The Parachute Adams Fly Pattern Produces Big Fish

The Parachute Adams Fly Pattern on the vise

Tying Flies: Parachute Adams Fly Pattern

Before we get started with our instructions for the Parachute Adams fly pattern , you’ll need the following specialized materials for this dry fly pattern:

Hook – Mustad 94840 Signature R50 94840 Size 12 to 20

Thread – Uni-thread 8/0 Grey or Black

Wing Post – White High Vis or Poly 

Tail- dry fly hackle brown and grizzly mixed

Body- Hairline Grey superfine or muskrat dubbing

Hackle – Dry fly grizzly and brown – one each

Fly Tying Instructions for the Parachute Adams Dry Fly Pattern

  1. Tie on thread near hook eye.
  2. Tie in your wing with a clump of High Vis or Poly, approximately one-fourth to one- third of the hook shank length behind the eye for the wing post, with tips facing the eye. Start with two or three loose wraps and then add two or three tight ones. This will help hold the wing on top of the hook and not let the material roll around.
  3. Once secure, hold the wing straight up and make several wraps in front building a dam to hold the wing material straight up. To form the post, hold the wing straight up and wrap your thread clockwise around the wing and up approximately one-eighth inch and down to form the post and base for the hackle. You can add a small drop of head cement to the wing post. 
  4. Cut off excess behind the post at an angle to help form the body.
  5. Wrap the thread back to the hook bend. Tie in mixed grizzly and brown hackle tips for the tail and secure. (Rem. proportions)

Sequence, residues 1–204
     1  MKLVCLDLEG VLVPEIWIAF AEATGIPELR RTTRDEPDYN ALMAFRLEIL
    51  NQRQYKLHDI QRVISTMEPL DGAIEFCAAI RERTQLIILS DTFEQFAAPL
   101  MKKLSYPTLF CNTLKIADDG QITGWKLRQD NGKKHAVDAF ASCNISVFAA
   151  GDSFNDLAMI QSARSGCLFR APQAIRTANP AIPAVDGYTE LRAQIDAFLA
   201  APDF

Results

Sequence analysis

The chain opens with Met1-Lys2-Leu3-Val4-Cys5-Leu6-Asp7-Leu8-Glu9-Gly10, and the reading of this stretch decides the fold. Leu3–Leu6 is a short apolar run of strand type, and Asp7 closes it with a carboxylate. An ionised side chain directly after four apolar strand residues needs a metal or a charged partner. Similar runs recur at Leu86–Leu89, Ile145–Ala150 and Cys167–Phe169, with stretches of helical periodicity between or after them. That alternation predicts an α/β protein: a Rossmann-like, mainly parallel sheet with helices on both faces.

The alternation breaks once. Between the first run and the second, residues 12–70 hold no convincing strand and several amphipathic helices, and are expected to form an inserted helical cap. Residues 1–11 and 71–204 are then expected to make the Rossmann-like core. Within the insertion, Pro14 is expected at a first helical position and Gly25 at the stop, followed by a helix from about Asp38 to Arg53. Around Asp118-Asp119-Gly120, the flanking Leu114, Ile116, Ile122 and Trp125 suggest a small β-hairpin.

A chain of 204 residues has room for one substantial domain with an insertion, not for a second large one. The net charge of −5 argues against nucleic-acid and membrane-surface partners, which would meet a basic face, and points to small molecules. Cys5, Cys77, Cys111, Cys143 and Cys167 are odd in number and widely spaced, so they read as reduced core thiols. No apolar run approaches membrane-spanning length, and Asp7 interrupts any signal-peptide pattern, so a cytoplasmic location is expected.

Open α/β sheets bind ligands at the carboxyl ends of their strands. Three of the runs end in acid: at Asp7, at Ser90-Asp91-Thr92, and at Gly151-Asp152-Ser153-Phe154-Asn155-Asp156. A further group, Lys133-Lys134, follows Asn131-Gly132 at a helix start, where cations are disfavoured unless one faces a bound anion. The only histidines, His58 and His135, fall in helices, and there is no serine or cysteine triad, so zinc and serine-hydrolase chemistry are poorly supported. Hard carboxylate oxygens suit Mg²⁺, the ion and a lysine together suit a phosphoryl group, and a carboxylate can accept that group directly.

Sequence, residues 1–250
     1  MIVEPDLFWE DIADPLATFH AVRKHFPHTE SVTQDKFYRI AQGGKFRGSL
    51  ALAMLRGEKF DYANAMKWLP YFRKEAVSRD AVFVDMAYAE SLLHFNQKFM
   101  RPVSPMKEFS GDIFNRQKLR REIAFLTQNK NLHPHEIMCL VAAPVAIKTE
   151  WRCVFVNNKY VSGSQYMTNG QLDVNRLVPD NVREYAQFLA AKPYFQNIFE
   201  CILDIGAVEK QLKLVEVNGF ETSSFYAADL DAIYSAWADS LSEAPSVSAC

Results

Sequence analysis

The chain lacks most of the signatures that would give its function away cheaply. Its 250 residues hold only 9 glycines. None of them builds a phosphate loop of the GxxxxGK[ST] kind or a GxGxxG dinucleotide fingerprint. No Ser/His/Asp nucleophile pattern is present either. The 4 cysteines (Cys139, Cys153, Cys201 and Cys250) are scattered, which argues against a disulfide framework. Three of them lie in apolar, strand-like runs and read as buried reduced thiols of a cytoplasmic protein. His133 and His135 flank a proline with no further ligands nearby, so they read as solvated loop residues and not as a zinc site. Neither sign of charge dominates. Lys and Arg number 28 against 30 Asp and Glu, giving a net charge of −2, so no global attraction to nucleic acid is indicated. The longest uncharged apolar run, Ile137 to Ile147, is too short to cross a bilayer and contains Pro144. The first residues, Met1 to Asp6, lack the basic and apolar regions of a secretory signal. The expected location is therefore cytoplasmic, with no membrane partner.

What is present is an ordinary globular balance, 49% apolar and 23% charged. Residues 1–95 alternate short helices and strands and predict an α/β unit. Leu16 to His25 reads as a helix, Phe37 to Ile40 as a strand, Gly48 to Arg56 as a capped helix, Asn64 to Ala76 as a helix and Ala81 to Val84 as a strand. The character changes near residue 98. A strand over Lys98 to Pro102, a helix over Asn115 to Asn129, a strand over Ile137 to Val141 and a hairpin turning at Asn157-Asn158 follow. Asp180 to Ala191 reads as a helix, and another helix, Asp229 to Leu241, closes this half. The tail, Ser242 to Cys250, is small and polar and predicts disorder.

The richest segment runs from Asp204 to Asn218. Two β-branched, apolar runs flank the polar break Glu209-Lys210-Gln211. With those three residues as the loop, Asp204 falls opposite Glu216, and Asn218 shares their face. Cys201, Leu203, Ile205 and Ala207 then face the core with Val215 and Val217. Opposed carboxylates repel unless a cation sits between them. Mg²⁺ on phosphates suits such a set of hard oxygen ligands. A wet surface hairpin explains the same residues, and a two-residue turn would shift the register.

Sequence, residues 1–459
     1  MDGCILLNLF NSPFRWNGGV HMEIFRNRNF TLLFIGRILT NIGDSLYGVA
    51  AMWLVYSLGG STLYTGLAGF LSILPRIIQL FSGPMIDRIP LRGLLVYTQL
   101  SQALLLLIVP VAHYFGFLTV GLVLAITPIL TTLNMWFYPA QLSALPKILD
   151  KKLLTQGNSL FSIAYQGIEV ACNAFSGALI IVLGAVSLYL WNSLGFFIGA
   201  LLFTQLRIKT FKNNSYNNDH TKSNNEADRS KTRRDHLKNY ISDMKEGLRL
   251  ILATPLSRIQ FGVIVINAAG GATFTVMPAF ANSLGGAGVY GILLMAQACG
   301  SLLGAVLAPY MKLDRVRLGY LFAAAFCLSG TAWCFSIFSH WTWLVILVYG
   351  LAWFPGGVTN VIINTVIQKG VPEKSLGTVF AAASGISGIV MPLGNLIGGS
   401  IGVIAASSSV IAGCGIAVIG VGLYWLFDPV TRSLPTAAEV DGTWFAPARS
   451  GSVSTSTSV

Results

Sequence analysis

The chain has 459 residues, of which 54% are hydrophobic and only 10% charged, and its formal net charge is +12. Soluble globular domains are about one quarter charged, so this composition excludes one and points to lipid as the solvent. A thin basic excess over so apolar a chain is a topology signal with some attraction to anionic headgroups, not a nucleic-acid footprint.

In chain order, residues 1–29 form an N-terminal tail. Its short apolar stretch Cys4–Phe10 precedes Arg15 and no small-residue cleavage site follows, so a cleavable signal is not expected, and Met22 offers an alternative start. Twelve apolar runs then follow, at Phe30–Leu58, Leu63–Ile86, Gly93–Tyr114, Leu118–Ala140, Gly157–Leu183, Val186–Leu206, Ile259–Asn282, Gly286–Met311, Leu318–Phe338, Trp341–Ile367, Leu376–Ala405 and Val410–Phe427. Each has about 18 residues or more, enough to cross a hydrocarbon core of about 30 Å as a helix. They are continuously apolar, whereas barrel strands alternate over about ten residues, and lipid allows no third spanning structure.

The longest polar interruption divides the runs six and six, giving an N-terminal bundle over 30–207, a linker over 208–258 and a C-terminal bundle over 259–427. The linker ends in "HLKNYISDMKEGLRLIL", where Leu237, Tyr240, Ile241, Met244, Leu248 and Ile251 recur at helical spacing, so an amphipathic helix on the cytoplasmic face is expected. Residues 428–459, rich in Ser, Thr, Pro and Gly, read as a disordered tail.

6. Wrap thread back to the start of the tail and dub a thin tapered body up to the base of the wing post.
  7. Tie on one brown and one grizzly dry fly hackle on your post .
    (Rem. Proportions, size 14 hackle for a size 14 hook)
  8. Wrap hackle clockwise around the wing post, two wraps up and two wraps down (approximately) and tie off at the base of post. Trim the excess wing to proportion. If you’re using stacked calf hair you can’t cut off the excess.
  9. Dub the rest of the hook in front of the wing post to the eye. Leave room to form a head.
  10. Finish with a neat tapered head and secure. 

About the Parachute Adams 

Mayfly Imitations

The Parachute Adams fly pattern is arguably the most popular and versatile dry fly patterns ever produced. It is used and tied by fly fisherman all over the world. It was created by Leonard Halladay for his good friend Charles Adams. It is meant to imitate many different hatches of mayfly duns. 

Different Styles for Tying Flies 

Whether you tie the parachute adams fly pattern in the traditional style, thorax style or parachute style, this fly is very productive. Many anglers claim it to be one of the best dry fly patterns ever made. 

Correct Sizing

When tying your parachute adams, remember your proportions- matching the size of the hatch you’re trying to imitate is just as important, if not most important. When you have size 16 Blue Winged Olives hatching, you don’t want to cast a size 12 Adams to that rising trout. To fly fisherman SIZE does matter.  

Practice Makes Perfect at Tying Flies

Using the same method I have described, you can match or closely resemble the mayflies on your local water. Just change the material and body color. It takes time and practice to perfect the skill of wrapping the hackle around the wing post. If this is your first time trying the parachute, practice the wing and post on a larger hook till you get the hang of it. But, once you go fly fishing with the parachute adams fly pattern and see how nice your fly rides on the water, you’ll be hooked.

So, tie some up and when you’re having a hard time catching that rising fish, tie one of these parachute adams fly patterns onto your fly rod in the right size and you just might get that bent rod and screaming drag all anglers long for when they go fly fishing.

Original Article By Bran Berlin

About The Author

Brad Berlin has been tying flies and fly fishing many of the local streams in the northeast and especially central Pennsylvania for over 20 years.  He guides on area streams and the Susquehanna River.  Brad teaches classes in fly tying and casting.  He enjoys fishing the tributaries of Lake Ontario in the fall.

  • Related Posts

  • Categories